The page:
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This is the definition given for the Hilbert Cube: enter image description here

The metric defined here is basically just the L2 metric. I was wondering if we can use any of the Lp metric instead as long as p>1. It can be shown using the comparison test that they all converge, so any of those metric should also be a well-defined metric correct?

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No doubt that those are also well-defined metrics, yes. For any $x, y \in I^\infty$ we have: $$ d_{\ell^p}(x, y) = \sqrt[p]{\sum_{i = 1}^\infty \lvert x_i - y_i \rvert^p}\leq \sqrt[p]{\sum_{i = 1}^\infty 2^{p-1}\lvert x_i \rvert^p + 2^{p-1}\lvert y_i \rvert^p} \leq \sqrt[p]{\sum_{i = 1}^\infty \frac{2^p}{i^p}} $$ This is finite iff $p>1$.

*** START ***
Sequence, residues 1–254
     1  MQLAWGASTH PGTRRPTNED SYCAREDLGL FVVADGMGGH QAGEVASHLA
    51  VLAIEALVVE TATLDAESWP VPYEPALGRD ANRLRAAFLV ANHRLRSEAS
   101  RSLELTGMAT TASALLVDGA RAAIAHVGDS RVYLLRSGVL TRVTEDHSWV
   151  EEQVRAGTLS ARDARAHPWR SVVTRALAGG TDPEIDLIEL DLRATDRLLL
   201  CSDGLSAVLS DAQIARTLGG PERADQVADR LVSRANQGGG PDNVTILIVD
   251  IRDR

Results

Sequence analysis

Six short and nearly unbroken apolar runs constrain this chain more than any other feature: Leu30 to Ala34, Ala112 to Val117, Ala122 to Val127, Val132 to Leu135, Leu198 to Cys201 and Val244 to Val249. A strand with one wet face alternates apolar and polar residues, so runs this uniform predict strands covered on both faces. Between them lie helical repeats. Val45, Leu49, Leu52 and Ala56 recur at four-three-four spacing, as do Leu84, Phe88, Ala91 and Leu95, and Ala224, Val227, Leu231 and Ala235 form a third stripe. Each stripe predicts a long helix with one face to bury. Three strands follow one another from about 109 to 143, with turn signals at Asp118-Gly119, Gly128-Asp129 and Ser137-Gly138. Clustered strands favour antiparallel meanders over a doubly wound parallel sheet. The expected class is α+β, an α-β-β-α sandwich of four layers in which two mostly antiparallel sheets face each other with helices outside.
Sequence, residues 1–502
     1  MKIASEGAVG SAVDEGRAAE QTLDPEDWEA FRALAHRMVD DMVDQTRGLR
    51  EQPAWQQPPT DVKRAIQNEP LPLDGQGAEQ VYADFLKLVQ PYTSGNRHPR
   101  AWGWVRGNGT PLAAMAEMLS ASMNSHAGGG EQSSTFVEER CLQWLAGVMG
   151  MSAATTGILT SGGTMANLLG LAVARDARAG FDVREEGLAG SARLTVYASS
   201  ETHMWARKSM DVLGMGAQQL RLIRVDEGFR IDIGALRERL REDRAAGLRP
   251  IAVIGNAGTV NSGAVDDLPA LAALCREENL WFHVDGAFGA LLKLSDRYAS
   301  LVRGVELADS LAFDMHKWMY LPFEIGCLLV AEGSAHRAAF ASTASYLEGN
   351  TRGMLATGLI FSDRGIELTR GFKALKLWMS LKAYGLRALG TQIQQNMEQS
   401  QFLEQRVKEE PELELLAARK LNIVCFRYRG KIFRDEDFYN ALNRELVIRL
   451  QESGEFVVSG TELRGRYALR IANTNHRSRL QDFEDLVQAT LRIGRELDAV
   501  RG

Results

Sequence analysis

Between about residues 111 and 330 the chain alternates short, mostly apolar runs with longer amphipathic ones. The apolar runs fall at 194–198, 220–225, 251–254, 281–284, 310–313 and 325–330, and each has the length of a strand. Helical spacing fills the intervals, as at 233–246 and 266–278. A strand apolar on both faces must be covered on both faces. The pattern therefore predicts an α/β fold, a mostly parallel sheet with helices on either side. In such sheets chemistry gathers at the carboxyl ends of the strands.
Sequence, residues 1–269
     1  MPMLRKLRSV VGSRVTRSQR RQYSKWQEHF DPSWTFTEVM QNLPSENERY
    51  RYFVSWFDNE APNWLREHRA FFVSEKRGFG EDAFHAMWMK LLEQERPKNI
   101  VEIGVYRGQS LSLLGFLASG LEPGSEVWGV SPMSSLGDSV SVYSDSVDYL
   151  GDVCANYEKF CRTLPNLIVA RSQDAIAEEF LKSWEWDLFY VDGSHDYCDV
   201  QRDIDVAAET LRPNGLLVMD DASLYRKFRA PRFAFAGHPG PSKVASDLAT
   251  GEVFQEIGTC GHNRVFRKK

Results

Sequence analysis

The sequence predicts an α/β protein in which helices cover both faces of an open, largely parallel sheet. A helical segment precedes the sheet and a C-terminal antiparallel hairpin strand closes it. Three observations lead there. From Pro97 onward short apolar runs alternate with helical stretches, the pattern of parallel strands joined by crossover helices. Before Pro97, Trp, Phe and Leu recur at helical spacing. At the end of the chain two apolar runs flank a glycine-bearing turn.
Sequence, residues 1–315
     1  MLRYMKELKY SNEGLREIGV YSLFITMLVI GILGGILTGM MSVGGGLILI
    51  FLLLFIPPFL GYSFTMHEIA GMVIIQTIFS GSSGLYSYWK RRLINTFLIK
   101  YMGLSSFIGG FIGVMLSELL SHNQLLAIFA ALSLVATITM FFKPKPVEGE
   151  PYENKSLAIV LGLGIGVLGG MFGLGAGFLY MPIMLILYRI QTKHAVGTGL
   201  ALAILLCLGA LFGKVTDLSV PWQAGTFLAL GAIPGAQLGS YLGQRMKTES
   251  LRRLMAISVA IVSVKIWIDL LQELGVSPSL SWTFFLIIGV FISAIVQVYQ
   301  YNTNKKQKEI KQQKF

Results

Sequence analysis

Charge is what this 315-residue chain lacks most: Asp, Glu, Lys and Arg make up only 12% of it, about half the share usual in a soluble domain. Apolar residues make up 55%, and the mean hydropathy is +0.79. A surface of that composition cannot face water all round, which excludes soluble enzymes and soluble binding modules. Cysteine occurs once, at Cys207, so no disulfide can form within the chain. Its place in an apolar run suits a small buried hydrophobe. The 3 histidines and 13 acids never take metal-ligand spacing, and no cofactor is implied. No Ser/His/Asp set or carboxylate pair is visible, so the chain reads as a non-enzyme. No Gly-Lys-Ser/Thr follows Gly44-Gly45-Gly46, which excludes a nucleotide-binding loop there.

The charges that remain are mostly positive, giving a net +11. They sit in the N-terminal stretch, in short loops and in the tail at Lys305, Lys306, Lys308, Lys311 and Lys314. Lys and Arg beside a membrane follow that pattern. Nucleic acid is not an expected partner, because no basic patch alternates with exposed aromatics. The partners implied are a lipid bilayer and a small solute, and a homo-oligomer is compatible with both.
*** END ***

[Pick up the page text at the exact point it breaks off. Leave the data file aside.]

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  • $\begingroup$ what identity did you use from the first to the second inequality? $\endgroup$
    – Bill
    Commented Apr 4, 2021 at 10:54
  • $\begingroup$ I used $\lvert x_i - y_i \rvert^p \leq (\lvert x_i \rvert + \lvert y_i \rvert)^p and then that (a+b)^p\leq 2^{p-1}(a^p+b^p)$ for all $a, b \in \mathbb{R}$. The latter you prove by exploiting convexity of $g(t) := t^p$, i.e. $g\left(\frac{1}{2}(a+b) \right) \leq \frac{1}{2}g(a) + \frac{1}{2}g(b)$. $\endgroup$ Commented Apr 4, 2021 at 11:29

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